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House of Neptune and Amphitrite | Discover the Preserved Frescoes and Mosaics

Herculaneum TicketsHouse of Neptune

What is House of Neptune?

The House of Neptune in the Herculaneum ruins is a well-preserved ancient Roman villa. It is known for its remarkable frescoes, mosaics, and architectural features that provide insights into the daily life and opulence of the Roman elite. One of its most famous features is a stunning fresco depicting Neptune and Amphitrite, the Roman god and goddess of the sea, which adorns one of its rooms, giving the villa its name. The villa is a prime example of luxurious Roman architecture, with a central peristyle, various rooms, an atrium, a kitchen, and bathing areas, all showcasing the artistry and grandeur of ancient Roman culture.

House of Neptune Quick Facts

Herculaneum Archaeological Site, ancient Roman town, italy
  • Official name: House of Neptune (Casa di Nettuno e Anfitrite)
  • Address: Herculaneum Archaeological Site, Corso Resina, 80056 Ercolano NA, Italy
  • Timings: 8:30 AM to 7:30 PM between 16 March to 14 October | 8:30 AM to 5 PM between 15 October to 15 March
  • Closed: The park is closed on 1 January and 25 December.
  • Architectural style: Roman (1st century AD)
  • UNESCO World Heritage Site: Part of "Archaeological Areas of Pompei, Herculaneum, and Torre Annunziata" since 1997.
  • Function: Roman residential villa; now an archaeological site offering insights into ancient Roman life and art.

Why Visit House of Neptune?

Herculaneum, House of Neptune and Amphitrite, Campania, Italy
  • Remarkable preservation: The eruption of Mount Vesuvius in 79 AD buried the House of Neptune under volcanic ash, preserving its original architecture, intricate details, and stunning artworks, standing as a testament to the resilience of ancient structures.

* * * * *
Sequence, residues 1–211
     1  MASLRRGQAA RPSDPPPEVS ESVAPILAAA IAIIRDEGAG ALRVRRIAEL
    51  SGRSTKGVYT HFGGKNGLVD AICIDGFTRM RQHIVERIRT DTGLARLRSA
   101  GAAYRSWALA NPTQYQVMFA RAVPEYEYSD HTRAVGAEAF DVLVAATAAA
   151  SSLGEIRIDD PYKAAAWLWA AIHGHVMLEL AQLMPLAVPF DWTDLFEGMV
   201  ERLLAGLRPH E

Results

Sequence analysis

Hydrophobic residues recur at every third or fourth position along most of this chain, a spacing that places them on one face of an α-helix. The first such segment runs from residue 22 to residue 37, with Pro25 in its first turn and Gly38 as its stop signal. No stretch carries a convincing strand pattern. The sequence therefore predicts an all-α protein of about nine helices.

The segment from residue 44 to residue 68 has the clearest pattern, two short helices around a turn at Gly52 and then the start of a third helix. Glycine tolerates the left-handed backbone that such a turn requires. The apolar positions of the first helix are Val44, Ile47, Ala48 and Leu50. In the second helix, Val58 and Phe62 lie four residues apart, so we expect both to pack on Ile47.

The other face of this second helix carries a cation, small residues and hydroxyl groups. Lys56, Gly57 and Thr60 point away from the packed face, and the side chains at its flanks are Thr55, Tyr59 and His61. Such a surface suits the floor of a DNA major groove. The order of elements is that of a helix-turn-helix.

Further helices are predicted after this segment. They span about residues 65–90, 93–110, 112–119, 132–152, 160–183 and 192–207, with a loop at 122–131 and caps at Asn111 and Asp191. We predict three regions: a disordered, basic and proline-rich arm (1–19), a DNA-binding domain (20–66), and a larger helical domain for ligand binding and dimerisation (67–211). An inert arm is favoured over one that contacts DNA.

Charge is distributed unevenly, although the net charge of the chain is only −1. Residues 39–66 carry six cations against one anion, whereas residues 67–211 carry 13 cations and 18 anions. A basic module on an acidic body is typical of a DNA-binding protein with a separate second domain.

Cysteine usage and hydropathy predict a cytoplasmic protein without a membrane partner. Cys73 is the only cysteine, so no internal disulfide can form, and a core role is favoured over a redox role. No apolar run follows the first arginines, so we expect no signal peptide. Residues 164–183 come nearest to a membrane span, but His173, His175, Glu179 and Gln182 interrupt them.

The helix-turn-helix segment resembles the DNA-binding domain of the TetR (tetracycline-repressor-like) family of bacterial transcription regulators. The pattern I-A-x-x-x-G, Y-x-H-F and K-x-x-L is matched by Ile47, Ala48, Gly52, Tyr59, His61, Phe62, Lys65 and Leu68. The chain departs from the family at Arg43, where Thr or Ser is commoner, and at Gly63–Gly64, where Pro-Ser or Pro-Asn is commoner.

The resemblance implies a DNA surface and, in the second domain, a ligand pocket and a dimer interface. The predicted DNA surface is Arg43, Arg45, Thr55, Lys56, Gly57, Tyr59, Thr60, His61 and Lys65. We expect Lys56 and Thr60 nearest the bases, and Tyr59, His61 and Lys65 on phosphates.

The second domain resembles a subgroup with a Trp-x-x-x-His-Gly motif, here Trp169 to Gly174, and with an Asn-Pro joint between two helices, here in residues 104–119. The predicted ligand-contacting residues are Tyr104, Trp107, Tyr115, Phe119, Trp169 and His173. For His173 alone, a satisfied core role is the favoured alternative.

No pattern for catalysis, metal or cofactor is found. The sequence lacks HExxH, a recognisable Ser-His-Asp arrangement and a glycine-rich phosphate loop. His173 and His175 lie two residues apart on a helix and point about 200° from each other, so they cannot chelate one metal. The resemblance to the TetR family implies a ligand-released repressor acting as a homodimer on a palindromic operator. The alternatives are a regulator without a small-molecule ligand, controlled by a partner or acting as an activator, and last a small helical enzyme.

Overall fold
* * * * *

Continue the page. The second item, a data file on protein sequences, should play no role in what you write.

• Intricate frescoes and mosaics: The walls and floors of the house feature frescoes and mosaics depicting mythological scenes and vibrant landscapes that reflect the talent and skill of the artists of the time.
  • Insight into Roman life: The House of Neptune, thought to have belonged to a wealthy family, showcases the lifestyle and societal norms of its time. Its layout, from public reception rooms to private chambers, offers a glimpse into the domestic life of the Roman elite during the peak of the Roman Empire.
  • Neptune statue & maritime theme: The house is named after a beautiful mosaic of Neptune and Amphitrite, demonstrating the importance of the sea gods in Roman religion

House of Neptune Highlights

Atrium in the House of Neptune and Amphitrite

The Atrium

This central courtyard, typical of Roman houses, served as the main entrance and reception area. It features a stunning impluvium (sunken pool) surrounded by intricate frescoes and marble columns.

Triclinium in the House of Neptune and Amphitrite

Triclinium

This dining room is adorned with elaborate mosaics depicting marine life and exotic animals, giving visitors a taste of the opulent Roman banquets. The most prominent one is the one depicting Neptune and Amphitrite, surrounded by sea shells.

Lararium in the House of Neptune and Amphitrite

Lararium

Although damaged by early tunneling, the lararium, a shrine for household deities, provides insights into the religious practices and beliefs of the ancient Romans.

Kitchen in Herculaneum, ancient Roman town

Kitchen

The house's layout includes a lower-level shop with a food counter and kitchen, along with a wooden mezzanine floor.  Visitors can get a glimpse of daily life in this bustling kitchen area.

History of House of Neptune

The House of Neptune, or Casa di Nettuno e Anfitrite as it's known in Italian, was unearthed in the latter half of the 18th century during the Bourbon excavations guided by Rocque Joaquin de Alcubierre.Its history dates back to the 1st century BC, which is evident from the Samnite-era floor found beneath the existing structure during the excavations.